Wednesday, 24 June 2015

Do we need an Ideology to be Moral?

What do we mean by an ‘ideology’? My understanding of the word in this context is 'a body of doctrine that guides behaviour’. Certainly an individual, group or an organisation that has such an ideology may try to conduct their behaviour so that it never breaches the ideology to which they subscribe. In these circumstances the ideology does become very relevant to their morality. However, by no means all individuals, groups or organisations would point to a particular body of doctrine if asked to explain the basis of their own morality. Even if they did profess such an ideology - such as “I’m a Christian” - it would often be found that both their definition and knowledge of the body of doctrine referred to would vary considerably between individuals.
No. At its heart, morality is subjective. Each of us develops our morality as we grow and mature. It is a function of our genetic make-up, our upbringing and the social rules/mores of the society in which we live. If we do subscribe to an ideology this, of course, may well become very relevant to our code of morality. Relevant but never essential. If an individual becomes disenchanted and abandons a particular ideology to which they once subscribed, he/she may find his/her moral compass changed but not obliterated.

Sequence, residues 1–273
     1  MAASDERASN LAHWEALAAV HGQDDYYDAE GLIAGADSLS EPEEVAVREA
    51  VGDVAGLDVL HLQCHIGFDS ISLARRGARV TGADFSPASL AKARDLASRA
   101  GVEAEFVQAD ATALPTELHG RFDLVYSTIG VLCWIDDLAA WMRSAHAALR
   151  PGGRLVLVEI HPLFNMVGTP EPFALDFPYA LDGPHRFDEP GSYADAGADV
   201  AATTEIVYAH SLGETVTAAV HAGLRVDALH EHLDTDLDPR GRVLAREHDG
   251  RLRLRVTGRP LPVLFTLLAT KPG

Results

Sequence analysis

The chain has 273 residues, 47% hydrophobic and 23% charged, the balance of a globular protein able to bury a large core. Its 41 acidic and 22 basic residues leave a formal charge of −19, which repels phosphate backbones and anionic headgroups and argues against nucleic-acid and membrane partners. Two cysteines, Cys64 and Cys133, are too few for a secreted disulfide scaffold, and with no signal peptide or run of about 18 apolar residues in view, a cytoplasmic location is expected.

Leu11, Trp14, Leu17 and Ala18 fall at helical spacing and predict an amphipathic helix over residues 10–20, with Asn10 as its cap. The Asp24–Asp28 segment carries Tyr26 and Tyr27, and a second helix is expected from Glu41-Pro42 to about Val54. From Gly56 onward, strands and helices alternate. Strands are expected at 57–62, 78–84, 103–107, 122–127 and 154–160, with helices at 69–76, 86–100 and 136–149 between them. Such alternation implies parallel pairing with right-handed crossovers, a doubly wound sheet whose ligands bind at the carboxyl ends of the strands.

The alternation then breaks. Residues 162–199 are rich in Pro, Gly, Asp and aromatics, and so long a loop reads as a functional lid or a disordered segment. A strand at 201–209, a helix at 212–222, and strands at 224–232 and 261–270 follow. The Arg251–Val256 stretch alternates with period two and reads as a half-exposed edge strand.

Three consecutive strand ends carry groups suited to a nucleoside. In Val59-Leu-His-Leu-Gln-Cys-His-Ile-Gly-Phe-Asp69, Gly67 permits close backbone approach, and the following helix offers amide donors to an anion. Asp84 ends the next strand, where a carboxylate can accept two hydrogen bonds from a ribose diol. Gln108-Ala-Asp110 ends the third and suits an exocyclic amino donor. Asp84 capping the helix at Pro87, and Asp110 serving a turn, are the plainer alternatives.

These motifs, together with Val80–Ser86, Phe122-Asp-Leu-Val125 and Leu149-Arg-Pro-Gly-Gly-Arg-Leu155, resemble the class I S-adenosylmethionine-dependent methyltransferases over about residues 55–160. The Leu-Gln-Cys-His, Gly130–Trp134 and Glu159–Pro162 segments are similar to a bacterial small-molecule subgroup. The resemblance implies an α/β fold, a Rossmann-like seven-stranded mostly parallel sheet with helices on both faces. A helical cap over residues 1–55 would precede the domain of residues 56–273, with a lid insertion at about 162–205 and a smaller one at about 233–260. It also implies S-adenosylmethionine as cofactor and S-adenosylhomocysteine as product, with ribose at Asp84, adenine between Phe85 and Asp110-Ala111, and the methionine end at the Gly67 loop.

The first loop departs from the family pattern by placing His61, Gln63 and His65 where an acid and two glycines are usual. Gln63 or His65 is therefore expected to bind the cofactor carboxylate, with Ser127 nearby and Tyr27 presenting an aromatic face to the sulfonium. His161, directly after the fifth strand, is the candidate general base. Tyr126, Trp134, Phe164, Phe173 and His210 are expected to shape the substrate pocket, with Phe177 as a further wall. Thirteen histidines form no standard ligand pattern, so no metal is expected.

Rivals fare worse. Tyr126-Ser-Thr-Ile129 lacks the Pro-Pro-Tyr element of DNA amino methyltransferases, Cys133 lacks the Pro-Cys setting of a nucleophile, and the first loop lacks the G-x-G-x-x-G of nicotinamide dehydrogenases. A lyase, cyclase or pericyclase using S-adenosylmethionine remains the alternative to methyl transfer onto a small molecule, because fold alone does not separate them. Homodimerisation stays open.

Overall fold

Those in any particular society are all conditioned in common by the rules/mores of that society and therefore tend to develop relatively similar codes of morality. The variability in morality caused by innate and 'experience of the world’ differences remain however. Hence the good, the bad and most of us in our society with a bit of both!
As a case in point, I don’t subscribe to any particular ideology but I would claim to have a strong sense of morality. Of course, I may well have assimilated bits of morality from the ideologies of which I have knowledge; but no particular ideology has been “essential” for my moral compass.
In general, one can be a good and moral person and live a good and moral life without having a particular religion or any other source of ideology. A corollary is that one can profess to follow a very clear ideology yet exhibit a disgusting lack of morality. I’m sure there is no need to remind readers of recent notorious examples. It gets worse of course. If the profession of an esteemed ideology is taken as clear evidence of goodness by others, it can operate as a cloak to hide wicked wrong-doing. Does that also sound familiar?
I suggest that we know the man/woman by his/her deeds rather than by his/her words. If Thomas Aquinas didn’t say that, he should have done.

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